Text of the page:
For the last several weeks I've been spending a small portion of my paychecks at newegg buying independent components in my never-ending quest to build the ultimate computer. I decided that buying my new computer piecemeal was the only way I would be able to afford a top-of-the-line computer. I've tried to be selective in my purchases, carefully weighing cost and performance. The regular reviews I found at Anandtech have been exceptionally helpful in the decision making process, and I think I've been able to select the best possible components at reasonable prices. Right now I have all the components to comprise the main computer itself, but I still am not ready to put it all together. My goal is to create a solid gaming rig that can also be used to edit and process digital video. (I have delusions of grandeur about someday becoming a Hollywood movie director.) Unfortunately, I'll be spending all of my expendable funds on Xmas gifts for the next few weeks. I probably won't get my weekly 'new component' fixation until the new year so I'll just write about components instead.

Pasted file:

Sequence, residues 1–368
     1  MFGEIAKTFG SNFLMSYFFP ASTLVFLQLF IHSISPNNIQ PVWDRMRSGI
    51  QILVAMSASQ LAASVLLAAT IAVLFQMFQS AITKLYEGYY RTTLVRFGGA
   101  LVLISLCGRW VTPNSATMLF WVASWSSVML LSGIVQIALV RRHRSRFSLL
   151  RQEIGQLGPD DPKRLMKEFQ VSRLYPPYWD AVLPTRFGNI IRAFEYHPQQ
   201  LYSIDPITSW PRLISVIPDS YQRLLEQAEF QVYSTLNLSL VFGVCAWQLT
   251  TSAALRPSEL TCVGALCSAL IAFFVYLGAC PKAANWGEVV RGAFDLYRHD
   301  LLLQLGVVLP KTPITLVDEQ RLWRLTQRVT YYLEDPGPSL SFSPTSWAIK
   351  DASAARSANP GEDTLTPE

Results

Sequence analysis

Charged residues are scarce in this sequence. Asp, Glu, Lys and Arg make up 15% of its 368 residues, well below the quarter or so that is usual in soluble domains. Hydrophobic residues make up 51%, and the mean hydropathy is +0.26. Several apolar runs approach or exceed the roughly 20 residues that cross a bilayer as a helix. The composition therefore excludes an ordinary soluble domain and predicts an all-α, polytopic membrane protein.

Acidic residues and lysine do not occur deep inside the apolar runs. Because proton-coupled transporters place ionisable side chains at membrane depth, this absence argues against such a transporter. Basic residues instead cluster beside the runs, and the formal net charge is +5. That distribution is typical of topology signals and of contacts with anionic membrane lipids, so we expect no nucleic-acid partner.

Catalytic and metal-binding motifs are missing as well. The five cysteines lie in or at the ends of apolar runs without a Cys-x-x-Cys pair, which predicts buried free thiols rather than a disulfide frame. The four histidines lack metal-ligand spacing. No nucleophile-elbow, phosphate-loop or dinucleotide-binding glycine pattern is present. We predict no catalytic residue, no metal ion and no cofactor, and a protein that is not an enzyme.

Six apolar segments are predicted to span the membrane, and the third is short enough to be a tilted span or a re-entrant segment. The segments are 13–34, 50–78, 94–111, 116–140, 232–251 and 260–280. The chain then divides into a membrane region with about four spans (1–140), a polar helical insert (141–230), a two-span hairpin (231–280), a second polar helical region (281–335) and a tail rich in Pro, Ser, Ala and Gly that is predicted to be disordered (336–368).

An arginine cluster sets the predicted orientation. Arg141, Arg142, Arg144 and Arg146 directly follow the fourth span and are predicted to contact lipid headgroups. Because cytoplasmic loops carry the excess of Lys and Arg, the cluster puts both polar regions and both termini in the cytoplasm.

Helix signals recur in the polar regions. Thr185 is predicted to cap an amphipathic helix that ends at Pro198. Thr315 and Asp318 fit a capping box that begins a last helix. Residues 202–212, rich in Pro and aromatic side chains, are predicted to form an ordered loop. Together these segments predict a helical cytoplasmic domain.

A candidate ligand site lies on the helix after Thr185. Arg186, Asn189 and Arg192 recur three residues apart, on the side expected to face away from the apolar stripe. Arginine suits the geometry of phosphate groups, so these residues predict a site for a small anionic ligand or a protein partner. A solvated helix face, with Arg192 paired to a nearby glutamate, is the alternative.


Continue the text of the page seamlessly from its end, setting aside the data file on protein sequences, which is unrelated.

Here's what I have so far:
  • AMD Athlon 64 3500+, 512K, L2 Cache, Socket 939 Windows Compatible 64-bit Processor

  • MSI "K8N Neo2 Platinum" NVIDIA nForce3 ULTRA Chipset Motherboard

  • 1GB(512MBx2) 184-Pin DDR PC-3200 OCZ EL Platinum Revision 2 Dual Channel Memory

  • Microsoft Windows XP Professional With Service Pack 2 Operating System

  • Western Digital Raptor 74GB 10,000RPM SATA Hard Drive (Model WD740GD)

  • Silver NEC 16X Double Layer DVD±RW Drive (Model ND-3500A S)
Theoretically, all that is enough to make a working computer, but I still need to get a case, monitor, keyboard w/mouse, and security software (at a minimum) before I'll put it all together. I could test it out now if I canabalize this computer but I'd rather wait since I'm giving this one to my wife. Of course, once I do get a few more components, I won't stop there. I also want a good video card, speakers, scanner, printer, camera, video software . . .